Is your spending protected from wallet gremlins this Halloween?
Protect against wallet gremlins by planning for unplanned spending!
TORONTO, Oct. 22, 2012 /CNW/ - With goblins, ghouls and ghosts in the air for Halloween, now's the time for Canadians to take a look at the little wallet gremlins that can grab a hold of their savings. A recent Scotiabank poll found that Canadians spend an average of $306/month on unplanned purchases and splurges (wallet gremlins) which can really add up over a year.
Wallet gremlins can come in the form of a splurge on an unplanned night out, buying clothes while window shopping, picking up a latte, or buying your lunch instead of bringing one from home. Small purchases can really add up week over week, and month over month - and ultimately put a remarkable dent on savings unless you've planned ahead.
"Planning for unplanned spending and wallet gremlins can be as easy as setting aside a gremlin fund so that you can make that impulse purchase without dipping into your savings and taking you off track from your goals," said Ahmad Dajani, Vice President of Investments, GICs & Sales Tools at Scotiabank. "It all comes back to a plan. Canadians have access to financial expertise through their local branches across the country, but not everyone takes advantage of the opportunity to talk about their goals and set a plan. Being prepared will help tame wallet gremlins."
Unlike trick-or-treaters, wallet gremlins won't leave once the clock strikes midnight on Halloween. With the holiday season coming up, this is the perfect time to plan ahead for holiday expenses.
- Create a proactive strategy with a savings plan - and a gremlin fund. What do you want your future to look like? Whether you want to travel the world, buy your first home or set up your child's college fund, the best way to reach your goals is to create a financial plan. You can keep yourself in line and the wallet gremlins at bay by developing a financial plan with short, medium and long-term goals - building in a bit of a cushion.
- Make your goals measurable. If you want to create a gremlin, rainy day or emergency fund on top of your other savings plan, put a plan in place to get there in a set amount of time. This way you will know if you are getting off track.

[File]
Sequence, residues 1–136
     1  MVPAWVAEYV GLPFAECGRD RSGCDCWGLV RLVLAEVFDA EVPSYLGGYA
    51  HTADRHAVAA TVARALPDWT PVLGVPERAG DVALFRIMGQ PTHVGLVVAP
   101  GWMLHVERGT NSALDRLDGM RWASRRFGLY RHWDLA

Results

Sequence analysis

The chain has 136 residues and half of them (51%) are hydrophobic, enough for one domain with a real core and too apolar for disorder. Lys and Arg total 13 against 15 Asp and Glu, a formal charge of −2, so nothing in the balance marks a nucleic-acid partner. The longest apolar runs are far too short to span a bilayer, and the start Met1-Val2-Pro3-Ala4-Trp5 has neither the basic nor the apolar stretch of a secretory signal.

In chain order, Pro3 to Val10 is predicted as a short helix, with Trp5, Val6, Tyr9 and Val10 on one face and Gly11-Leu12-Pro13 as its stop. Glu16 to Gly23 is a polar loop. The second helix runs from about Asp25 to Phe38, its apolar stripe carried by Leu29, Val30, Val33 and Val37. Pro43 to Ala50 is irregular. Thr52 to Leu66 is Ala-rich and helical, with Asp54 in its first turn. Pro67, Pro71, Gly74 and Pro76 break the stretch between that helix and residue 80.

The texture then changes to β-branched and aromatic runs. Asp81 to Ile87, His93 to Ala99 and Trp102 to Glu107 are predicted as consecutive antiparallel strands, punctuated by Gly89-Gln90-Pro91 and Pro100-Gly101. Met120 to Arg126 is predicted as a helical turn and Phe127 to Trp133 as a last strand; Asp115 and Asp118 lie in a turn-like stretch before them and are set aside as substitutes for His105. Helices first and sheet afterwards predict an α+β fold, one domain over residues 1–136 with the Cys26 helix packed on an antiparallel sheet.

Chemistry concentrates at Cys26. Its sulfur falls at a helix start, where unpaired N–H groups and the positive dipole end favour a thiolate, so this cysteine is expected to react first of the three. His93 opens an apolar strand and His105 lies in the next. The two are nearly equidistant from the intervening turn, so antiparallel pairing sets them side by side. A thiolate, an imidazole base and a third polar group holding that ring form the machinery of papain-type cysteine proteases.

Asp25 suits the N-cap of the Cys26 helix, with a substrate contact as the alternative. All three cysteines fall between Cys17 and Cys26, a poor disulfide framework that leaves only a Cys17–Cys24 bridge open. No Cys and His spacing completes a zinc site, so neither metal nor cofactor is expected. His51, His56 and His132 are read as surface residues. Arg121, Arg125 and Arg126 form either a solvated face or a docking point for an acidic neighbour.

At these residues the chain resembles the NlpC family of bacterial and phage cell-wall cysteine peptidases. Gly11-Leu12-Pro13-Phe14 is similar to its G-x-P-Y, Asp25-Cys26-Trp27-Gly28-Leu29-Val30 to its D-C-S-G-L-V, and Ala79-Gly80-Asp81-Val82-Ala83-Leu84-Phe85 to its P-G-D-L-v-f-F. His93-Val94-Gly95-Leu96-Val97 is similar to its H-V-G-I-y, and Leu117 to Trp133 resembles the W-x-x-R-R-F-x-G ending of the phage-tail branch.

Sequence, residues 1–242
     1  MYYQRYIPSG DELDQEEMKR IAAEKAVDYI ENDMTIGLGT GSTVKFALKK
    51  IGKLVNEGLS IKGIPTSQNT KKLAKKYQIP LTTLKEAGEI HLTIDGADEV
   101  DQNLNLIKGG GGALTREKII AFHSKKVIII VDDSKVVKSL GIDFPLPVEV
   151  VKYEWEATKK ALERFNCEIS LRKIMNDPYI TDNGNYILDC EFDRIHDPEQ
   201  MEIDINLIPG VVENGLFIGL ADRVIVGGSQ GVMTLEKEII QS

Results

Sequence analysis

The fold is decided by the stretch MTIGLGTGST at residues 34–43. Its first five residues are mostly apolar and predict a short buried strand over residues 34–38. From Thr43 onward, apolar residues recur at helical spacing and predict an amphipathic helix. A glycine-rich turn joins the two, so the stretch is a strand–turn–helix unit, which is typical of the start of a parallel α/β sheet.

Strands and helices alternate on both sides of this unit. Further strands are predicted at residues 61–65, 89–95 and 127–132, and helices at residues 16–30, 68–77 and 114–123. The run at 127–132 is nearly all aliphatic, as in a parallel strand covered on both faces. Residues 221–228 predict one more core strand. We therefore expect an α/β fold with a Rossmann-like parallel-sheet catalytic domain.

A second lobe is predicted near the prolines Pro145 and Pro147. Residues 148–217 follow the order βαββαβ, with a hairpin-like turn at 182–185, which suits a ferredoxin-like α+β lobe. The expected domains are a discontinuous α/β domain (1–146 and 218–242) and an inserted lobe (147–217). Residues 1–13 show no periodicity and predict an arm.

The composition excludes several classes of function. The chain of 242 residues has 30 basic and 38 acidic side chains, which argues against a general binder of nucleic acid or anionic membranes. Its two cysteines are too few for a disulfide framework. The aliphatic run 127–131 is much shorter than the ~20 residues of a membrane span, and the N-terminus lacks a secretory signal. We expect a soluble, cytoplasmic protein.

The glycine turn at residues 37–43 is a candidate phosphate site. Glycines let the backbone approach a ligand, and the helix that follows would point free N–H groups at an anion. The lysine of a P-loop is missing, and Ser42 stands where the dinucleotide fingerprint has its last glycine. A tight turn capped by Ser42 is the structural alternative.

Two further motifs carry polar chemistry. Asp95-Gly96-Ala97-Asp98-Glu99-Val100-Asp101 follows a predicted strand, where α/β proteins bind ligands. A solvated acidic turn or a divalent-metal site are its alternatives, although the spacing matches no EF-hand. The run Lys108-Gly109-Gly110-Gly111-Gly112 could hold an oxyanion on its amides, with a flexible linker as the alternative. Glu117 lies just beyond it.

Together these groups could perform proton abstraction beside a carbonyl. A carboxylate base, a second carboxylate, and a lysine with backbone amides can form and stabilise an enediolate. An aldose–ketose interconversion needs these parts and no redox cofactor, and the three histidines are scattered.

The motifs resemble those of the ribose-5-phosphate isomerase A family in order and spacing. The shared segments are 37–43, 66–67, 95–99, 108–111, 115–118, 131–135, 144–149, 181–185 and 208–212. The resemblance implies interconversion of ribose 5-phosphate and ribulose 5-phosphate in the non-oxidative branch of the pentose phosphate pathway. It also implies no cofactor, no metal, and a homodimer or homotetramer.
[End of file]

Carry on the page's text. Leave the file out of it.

- Monitor the wallet gremlins. Keep an eye on your spending. By using online banking, mobile banking and/or InfoAlerts, you'll see an accurate picture of how much you are spending and where. If you recognize a pattern where you are spending too much at a particular store or restaurant, you can adjust and start building healthier spending habits.
- Commit to protecting your savings against wallet gremlins. Effective saving isn't something that happens overnight before a big purchase. Make your planned savings important and non-negotiable, like paying off your hydro bill or a car payment.
- Get to an expert wallet gremlin advisor. Financial advisors are trained in the best ways to protect and grow your savings. They can give you personalized advice on which savings techniques will work best for your lifestyle and spending habits.
Taking simple steps like these can help you not only protect your savings, but help them grow so that you can reach your financial goals. For advice on how to best save your money, visit a financial advisor at a branch near you or visit us online at Scotiabank.com.
About the polling data
The Scotiabank Gremlin Poll was conducted through Harris/Decima's telephone omnibus, teleVox from September 27th through 30th 2012. A total of 1,004 surveys were conducted nationally with Canadians respondents 18 plus years of age.
Scotiabank is one of North America's premier financial institutions and Canada's most international bank. With more than 81,000 employees, Scotiabank and its affiliates serve some 19 million customers in more than 55 countries around the world. Scotiabank offers a broad range of products and services including personal, commercial, corporate and investment banking. With assets of $670 billion (as at July 31, 2012), Scotiabank trades on the Toronto (BNS) and New York Exchanges (BNS). For more information please visit www.scotiabank.com.
SOURCE: ScotiabankFor further information:
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